For the experiments involving Glial conditioned Medium (GCM), on the 15th day, cell culture was pretreated with DMEM without FBS in the absence (control) or the presence of α-Klotho (1 nM) for 24 h and then challenged with 1 µg/mL LPS for 8 h. The media were collected and named GCM or GCM-KL. Primary neuronal culture cells were challenged on the 10th day by changing the normal conditioned medium by 25% or 50% of GCM or GCM-KL for 24 h. The neuronal cultures were also challenged on the 10th day by changing the normal conditioned medium by 25% or 50% of GCM (challenged with 1 µg/mL LPS for 8 h) in the absence (control) or the presence of α-Klotho (1 nM).
Cell viability by LDH and MTT
Cell viability was estimated by Cytotox 96 non-radioactive assay (Promega). The assay was performed according to the Manufacturer's instructions. Lactate dehydrogenase (LDH) release was assayed after 24 h of treatment with α-Klotho or LPS by removing 50 μl supernatant from each well into a 96-well plate and incubating with Cytotox 96 reagents for 30 min covered with aluminum foil at room temperature. The stop solution was added, and the absorbance was measured at 490 nm. The percentage of LDH activity was measured by the ratio: (Absorbance of the sample/Absorbance of maximum activity) × 100%.
The cells were incubated with filtered MTT in DMEM without FBS at 37 °C for 2 h and 30 min. The supernatant was removed from the plate, and DMSO was added. The new supernatant was plated on a 96-well plate and measured at 570 nm. MTT % related to control was calculated by the ratio: (absorbance of the sample–absorbance of DMSO)/ (absorbance of the control–absorbance of DMSO) × 100%.
Multiplex analysis of cytokines and chemokines
Concentrations of TNF-α, IL-1β, IL-6, IL-18, and INF-γ were simultaneously measured in 25 μL of medium from homogenized cells using a Milliplex M.A.P. kit Mice Cytokine/Chemokine Magnetic Bead Panel (Millipore, Billerica, MA) by following manufacturer’s instructions. Antibody immobilized beads were detected on a Luminex 100 xMAP technology machine (Austin, TX). Standard curves were generated for each cytokine/chemokine using standards included in the kit for serum samples. The median fluorescence intensity for each analyte was calculated using a five-point logistic parameter curve and normalized to the amount of protein in each sample.
To evaluate the effects of α-Klotho on NF-κB activation by LPS, after purification, astrocytes were treated for 24 h with vehicle (control) (PBS) or 1 nM α-Klotho. Inflammatory stimulation with LPS 1 μg/ml was then performed and the cells were fixed with methanol (10 min) 4 h later and washed with PBS three times for 5 min. The fixed cells were incubated with serum blocking (5% normal donkey serum in triton X-100 0.01%) for one hour and incubated overnight with primary antibodies GFAP (1:300) (3670; Cell Signaling, and RelA (p65 (1:100) (ab7970; ABCAM, USA). The primary antibody was removed, and the plate was washed with serum blocking three times for 10 min. The cells were incubated with secondary antibody (rabbit or mouse anti-donkey- Alexa 594 or 488, Thermo Fischer Scientific, 1:1000), diluted in PBS with Triton X-100 0.01% for 2 h, and protected from the light. The coverslips were washed five times with PBS for 5 min and incubated with DAPI (4'-6-Diamidino-2-phenylindole; Sigma) for 1 min in dilution 1:10.000. Slices were transferred to glass slides and analyzed in Fluorescence microscope Nikon Eclipse 80i (Nikon, Tokyo, Japan) with a camera system, Nikon Digital Camera DXM 1200C.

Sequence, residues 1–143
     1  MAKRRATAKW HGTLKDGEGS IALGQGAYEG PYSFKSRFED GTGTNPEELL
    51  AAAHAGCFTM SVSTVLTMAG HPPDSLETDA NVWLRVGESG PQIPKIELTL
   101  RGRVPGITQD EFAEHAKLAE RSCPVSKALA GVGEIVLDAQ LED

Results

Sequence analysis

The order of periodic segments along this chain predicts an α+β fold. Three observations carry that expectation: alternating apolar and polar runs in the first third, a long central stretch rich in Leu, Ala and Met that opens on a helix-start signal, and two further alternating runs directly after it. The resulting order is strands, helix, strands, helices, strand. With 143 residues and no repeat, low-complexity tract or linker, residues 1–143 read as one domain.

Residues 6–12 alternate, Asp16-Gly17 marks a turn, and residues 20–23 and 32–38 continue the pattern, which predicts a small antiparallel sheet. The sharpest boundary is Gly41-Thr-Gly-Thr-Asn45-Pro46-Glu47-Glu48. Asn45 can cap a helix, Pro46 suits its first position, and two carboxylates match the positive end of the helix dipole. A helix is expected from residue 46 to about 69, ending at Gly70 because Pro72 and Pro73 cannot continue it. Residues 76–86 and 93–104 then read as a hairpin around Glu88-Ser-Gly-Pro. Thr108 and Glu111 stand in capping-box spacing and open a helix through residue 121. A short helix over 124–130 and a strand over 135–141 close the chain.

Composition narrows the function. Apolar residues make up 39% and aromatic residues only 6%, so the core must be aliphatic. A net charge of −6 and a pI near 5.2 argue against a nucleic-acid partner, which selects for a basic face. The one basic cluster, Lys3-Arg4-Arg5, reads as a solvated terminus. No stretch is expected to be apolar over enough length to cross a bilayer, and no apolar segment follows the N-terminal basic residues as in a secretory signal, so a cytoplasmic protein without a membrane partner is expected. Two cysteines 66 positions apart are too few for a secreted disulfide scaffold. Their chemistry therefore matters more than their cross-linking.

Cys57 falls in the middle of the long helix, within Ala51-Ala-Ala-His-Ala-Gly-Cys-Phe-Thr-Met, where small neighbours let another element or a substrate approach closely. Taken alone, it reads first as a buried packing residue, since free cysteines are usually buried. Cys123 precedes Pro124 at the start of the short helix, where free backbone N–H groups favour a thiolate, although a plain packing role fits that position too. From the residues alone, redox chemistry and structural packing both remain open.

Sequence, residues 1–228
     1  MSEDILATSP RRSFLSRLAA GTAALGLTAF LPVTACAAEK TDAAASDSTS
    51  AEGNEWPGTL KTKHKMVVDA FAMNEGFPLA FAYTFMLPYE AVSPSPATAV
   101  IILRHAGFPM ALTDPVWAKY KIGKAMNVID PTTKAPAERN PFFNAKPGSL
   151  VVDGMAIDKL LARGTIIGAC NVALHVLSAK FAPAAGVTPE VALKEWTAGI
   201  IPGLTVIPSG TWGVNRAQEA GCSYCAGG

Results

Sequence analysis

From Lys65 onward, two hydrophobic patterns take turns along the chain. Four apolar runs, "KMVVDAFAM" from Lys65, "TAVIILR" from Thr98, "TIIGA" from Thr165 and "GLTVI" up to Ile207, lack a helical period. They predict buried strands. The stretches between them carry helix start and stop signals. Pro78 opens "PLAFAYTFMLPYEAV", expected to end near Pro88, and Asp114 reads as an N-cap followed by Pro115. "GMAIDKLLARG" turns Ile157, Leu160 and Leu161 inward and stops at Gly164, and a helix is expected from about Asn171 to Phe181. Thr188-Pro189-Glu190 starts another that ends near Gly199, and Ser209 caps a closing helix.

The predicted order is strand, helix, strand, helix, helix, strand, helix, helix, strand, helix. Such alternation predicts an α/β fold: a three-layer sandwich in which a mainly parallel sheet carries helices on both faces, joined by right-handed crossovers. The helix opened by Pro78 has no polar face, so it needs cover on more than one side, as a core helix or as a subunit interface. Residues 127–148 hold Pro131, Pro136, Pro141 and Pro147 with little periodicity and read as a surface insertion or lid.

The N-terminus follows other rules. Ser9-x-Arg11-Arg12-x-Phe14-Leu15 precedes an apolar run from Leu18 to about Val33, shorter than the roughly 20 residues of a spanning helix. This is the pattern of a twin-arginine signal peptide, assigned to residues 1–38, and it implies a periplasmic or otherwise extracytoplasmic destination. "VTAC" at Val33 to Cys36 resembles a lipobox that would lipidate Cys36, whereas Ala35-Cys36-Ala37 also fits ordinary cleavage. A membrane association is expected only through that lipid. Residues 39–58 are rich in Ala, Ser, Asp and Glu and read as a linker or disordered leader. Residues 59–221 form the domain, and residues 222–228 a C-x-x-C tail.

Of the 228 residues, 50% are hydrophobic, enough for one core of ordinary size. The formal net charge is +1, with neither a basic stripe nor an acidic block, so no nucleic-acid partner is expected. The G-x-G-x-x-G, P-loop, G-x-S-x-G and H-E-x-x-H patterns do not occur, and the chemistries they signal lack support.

Protein extraction—nucleus and cytoplasm
Culture media were removed from the 6-well plate, and the cells were scraped in cold PBS with 0.5 mM PMSF and centrifuged at 4 °C for 2 min at 13,000g. Pellet was resuspended in lysis buffer (10 mM HEPES pH 7.9, 10 mM KCl, 1.5 mM MgCl2, 0.5 mM PMSF, 0.1 mM EDTA, 2 μg/mL leupeptin, 2 μg/mL antipain, 30 mM NaF, 3 mM sodium orthovanadate, 20 mM sodium pyrophosphate and 5 mM BG-P) and incubated on ice for 15 min. NP-40 was added, and the samples were homogenized and centrifuged for the 30 s at 13,000g at 4 °C. Supernatants were used for Western blotting assay and pellets were resuspended in extraction buffer (1.5 mM MgCl2, 20 mM HEPES, pH 7.9, 25% glycerol, 300 mM NaCl, 0.5 mM PMSF, 0.25 mM EDTA, 2 μg/mL leupeptin, 2 μg/mL antipain, 3 mM sodium orthovanadate, 30 mM NaF, 20 mM sodium pyrophosphate and 5 mM BG-P) and kept on ice for 20 min. Samples were centrifuged for 20 min at 13,000g at 4 °C and supernatants were aliquoted as nuclear extract used for EMSA assay. Protein concentration was determined using the Bradford protein reagent (BioRad).